Visiting Sydney: Chinese Garden of Friendship
During a recent three-day holiday with my family in Sydney, I suggested (read insisted) that we visit the Chinese Garden of Friendship at Darling Harbour. Opened in 1988 as part of the city's bicentennial celebrations, the garden has become one of the sights of Sydney, listed in every tourist guide to the city. This made me, as well it may any visiting garden enthusiast, feel more than a little apprehensive. I couldn't help but wonder: is this going to turn out to be just another flashy tourist attraction, or is it really, as the blurb promised, an authentic creation, and one of the very few classical Chinese gardens to have been made outside China?
I had hoped for the latter, so it was comforting to learn that the garden celebrates the friendship that has existed between the people of New South Wales and the Chinese people since the earliest days of Sydney; that it was designed (and its construction supervised) by landscape architects from Sydney's sister city of Guangzhou; that many of the rocks and even the bricks used in its construction came from China; and that it is maintained under the watchful eye of Sydney's Chinese community.
The handsome gatehouse is guarded by a traditional pair of stone lions, carved in China from rare green granite. We entered beneath a gilded inscription that reads Yi Yuan, the Garden of Friendship -- and the razzmatazz of Darling Harbour was at once forgotten. We found ourselves in Ming-dynasty China, in a quiet, white-walled courtyard. It has not been planted for an initial knock-out display of color but with flowers chosen for their sweet scent: gardenias, magnolias, and the delicious Osmanthus fragrans. It is appropriately called The Courtyard of Welcoming Fragrance -- for of all the pleasures a garden can offer, scent is the most evocative.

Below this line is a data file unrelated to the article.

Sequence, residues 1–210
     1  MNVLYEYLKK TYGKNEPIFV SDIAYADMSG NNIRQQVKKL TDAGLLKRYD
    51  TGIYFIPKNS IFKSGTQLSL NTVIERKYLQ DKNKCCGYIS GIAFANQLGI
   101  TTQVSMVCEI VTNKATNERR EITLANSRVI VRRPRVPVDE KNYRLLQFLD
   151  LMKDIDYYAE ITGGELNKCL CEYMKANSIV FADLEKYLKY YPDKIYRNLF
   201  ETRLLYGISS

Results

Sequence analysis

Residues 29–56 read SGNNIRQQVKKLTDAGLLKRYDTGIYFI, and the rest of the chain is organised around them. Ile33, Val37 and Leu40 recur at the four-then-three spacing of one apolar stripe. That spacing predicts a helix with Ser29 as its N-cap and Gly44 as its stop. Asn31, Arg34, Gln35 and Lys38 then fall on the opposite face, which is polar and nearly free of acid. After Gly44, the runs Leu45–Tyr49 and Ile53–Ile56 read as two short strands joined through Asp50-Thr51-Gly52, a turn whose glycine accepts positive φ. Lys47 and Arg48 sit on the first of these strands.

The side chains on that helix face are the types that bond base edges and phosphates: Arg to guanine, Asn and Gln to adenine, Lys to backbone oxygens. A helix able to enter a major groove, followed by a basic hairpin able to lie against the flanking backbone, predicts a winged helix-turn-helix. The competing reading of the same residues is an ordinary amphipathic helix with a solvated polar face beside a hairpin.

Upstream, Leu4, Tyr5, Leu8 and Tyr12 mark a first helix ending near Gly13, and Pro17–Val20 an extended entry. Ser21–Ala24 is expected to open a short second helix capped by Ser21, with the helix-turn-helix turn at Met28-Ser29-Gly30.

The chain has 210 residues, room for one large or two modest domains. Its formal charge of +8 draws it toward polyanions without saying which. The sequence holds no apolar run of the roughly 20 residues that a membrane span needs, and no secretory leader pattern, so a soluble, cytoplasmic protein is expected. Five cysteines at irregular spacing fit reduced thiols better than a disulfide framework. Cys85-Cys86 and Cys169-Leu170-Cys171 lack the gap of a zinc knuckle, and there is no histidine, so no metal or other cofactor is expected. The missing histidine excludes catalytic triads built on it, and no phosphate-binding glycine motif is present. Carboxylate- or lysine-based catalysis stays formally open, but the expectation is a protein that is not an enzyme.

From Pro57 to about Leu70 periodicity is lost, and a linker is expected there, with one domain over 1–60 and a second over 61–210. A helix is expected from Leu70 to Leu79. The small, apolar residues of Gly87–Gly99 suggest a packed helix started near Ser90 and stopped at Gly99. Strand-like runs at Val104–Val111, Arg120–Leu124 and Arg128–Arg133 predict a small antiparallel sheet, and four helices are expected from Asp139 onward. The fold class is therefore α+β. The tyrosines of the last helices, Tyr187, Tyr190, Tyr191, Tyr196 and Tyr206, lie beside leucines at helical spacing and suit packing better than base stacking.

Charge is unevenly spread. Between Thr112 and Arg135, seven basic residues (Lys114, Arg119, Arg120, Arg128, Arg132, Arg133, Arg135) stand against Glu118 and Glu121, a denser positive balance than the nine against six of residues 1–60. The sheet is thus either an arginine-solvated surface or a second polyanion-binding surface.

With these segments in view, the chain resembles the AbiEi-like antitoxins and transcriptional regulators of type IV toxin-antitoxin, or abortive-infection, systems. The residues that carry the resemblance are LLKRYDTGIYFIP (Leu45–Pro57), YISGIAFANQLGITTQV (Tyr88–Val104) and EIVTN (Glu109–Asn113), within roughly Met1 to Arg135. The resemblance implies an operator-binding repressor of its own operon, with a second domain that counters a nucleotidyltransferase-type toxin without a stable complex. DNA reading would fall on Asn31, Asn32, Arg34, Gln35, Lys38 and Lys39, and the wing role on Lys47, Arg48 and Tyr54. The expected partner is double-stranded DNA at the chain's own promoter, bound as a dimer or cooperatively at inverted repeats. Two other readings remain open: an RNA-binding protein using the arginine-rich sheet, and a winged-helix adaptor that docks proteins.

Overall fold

Pavilions of Pleasure
From there we could pass either to the right or the left, along a covered verandah beside an artificial stream or through other courtyards - but either way, we soon found ourselves in a pavilion overlooking the garden's central feature, a lake rimmed with rocks and overhung with weeping willows. Facing us across the water is an artificial hill planted with cedars and other trees. Here, as generations of poets and painters have told us, is the essence of the Chinese landscape: shan-shui, mountain and water. That is the leading, but not the only, theme of this garden, too.
The garden is arranged around the lake, but there is rich variety to be found as we walk its paths - now close to the water, now high above it among the trees and rocks, now retreating into secluded courtyards, now coming back into the open. At key points there are pavilions in the elegant style of Southern China. Some are simple gazebos, others are more substantial - such as the two-story tea-house, or the splendid pavilion crowning the "mountain". They are inviting places to rest and enjoy the different garden views, and to admire the calligraphy and other works of art that adorn them.